OK I will go first, so be prepared for a long answer, because the park streches for over 160 miles (over 255 KM) along the northern coast of the Gulf of Mexico, stretching from Florida to Mississipi.
The U.S. National Park Service manages the Gulf Shores National Seashore, which is actually twelve seperate relatively small units or parks within one large system encompassing almost 500 square kilometers. http://www.nps.gov/guis
. The Seashore's heart and soul are the eight barrier islands with their sugar white sand beaches and the emerald color of the shallow water. The longest of of the islands is Santa Rosa Island, which is just over 74 kilometers in length, and has three of the twelve units. The most developed areas are the five units in and around Pensacola, Florida, where you can drive cars on paved roads to within 50 meters of the beach in some areas. The least developed areas are the five islands south of Mississippi, and are accessable only by boat.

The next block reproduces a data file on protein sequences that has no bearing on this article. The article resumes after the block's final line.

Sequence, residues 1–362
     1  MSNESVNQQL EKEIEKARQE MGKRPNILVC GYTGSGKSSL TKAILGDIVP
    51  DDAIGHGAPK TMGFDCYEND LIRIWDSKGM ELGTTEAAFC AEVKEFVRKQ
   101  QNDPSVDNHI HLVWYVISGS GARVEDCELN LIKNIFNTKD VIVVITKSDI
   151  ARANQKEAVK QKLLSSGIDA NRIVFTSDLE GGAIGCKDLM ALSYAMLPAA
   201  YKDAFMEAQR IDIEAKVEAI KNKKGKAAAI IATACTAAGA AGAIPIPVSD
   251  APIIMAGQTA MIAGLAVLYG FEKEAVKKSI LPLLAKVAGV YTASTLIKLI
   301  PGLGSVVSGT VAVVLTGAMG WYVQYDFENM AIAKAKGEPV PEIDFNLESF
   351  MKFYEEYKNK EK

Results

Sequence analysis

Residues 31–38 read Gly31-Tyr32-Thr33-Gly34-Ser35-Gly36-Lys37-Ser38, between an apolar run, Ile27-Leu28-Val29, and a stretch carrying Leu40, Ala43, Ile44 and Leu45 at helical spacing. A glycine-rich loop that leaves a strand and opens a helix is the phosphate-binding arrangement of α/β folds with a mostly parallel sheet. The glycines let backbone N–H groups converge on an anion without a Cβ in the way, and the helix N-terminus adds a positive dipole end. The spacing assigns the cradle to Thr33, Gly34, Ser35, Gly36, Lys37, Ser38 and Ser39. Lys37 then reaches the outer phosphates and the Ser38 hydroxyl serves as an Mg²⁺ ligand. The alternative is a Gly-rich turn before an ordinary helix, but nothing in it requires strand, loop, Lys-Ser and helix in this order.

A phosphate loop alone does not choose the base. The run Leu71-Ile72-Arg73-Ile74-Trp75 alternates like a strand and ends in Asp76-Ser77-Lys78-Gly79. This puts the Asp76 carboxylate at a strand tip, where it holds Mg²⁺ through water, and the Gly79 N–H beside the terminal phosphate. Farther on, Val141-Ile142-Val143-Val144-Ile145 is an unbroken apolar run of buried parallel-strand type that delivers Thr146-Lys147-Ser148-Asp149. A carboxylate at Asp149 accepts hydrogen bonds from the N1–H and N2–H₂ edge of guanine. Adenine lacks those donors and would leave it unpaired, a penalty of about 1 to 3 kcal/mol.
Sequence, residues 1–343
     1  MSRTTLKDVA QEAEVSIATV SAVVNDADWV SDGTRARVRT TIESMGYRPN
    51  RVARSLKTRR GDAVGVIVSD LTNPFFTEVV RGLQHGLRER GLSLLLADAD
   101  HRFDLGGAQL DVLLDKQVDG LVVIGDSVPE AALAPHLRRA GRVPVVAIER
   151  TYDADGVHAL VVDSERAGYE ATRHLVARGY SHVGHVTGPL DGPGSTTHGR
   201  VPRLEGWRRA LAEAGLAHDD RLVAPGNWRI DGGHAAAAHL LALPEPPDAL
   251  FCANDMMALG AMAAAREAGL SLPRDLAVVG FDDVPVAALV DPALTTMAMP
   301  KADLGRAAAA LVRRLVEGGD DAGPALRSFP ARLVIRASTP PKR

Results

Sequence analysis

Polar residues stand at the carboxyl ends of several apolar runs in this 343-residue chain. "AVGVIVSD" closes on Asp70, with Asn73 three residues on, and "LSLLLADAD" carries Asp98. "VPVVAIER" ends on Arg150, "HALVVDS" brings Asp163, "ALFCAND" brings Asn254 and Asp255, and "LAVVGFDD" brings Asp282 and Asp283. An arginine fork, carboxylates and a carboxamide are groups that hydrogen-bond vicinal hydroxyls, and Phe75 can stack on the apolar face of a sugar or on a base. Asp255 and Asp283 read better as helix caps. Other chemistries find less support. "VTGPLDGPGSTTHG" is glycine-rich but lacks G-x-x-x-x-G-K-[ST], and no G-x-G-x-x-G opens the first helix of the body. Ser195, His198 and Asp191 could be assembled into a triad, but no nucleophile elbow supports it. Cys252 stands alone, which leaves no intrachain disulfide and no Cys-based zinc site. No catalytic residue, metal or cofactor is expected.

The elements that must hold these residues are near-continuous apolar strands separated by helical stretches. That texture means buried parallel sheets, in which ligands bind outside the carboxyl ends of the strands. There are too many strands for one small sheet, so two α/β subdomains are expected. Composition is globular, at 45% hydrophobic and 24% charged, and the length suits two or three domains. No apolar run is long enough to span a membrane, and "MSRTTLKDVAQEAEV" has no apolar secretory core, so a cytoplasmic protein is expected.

Other attractions include the availability for close observation, of a wide variety of shore and water plants, birds, fish, mammals, reptiles, and two of the local favorites the sea turtle, and dolphins. A very interesting fact is that the islands are constantly moving from east to west sometimes a few inches a year sometimes hundreds of feet, and they are considered by some people to be a living thing. The barrier islands get their name from their location along the coast and the protection that they provide the mainland from storms especially hurricanes.
In summation the Gulf Shores National Seashore is a natural wonderland with something for almost everyone, and hopefully it will be around for generations to come.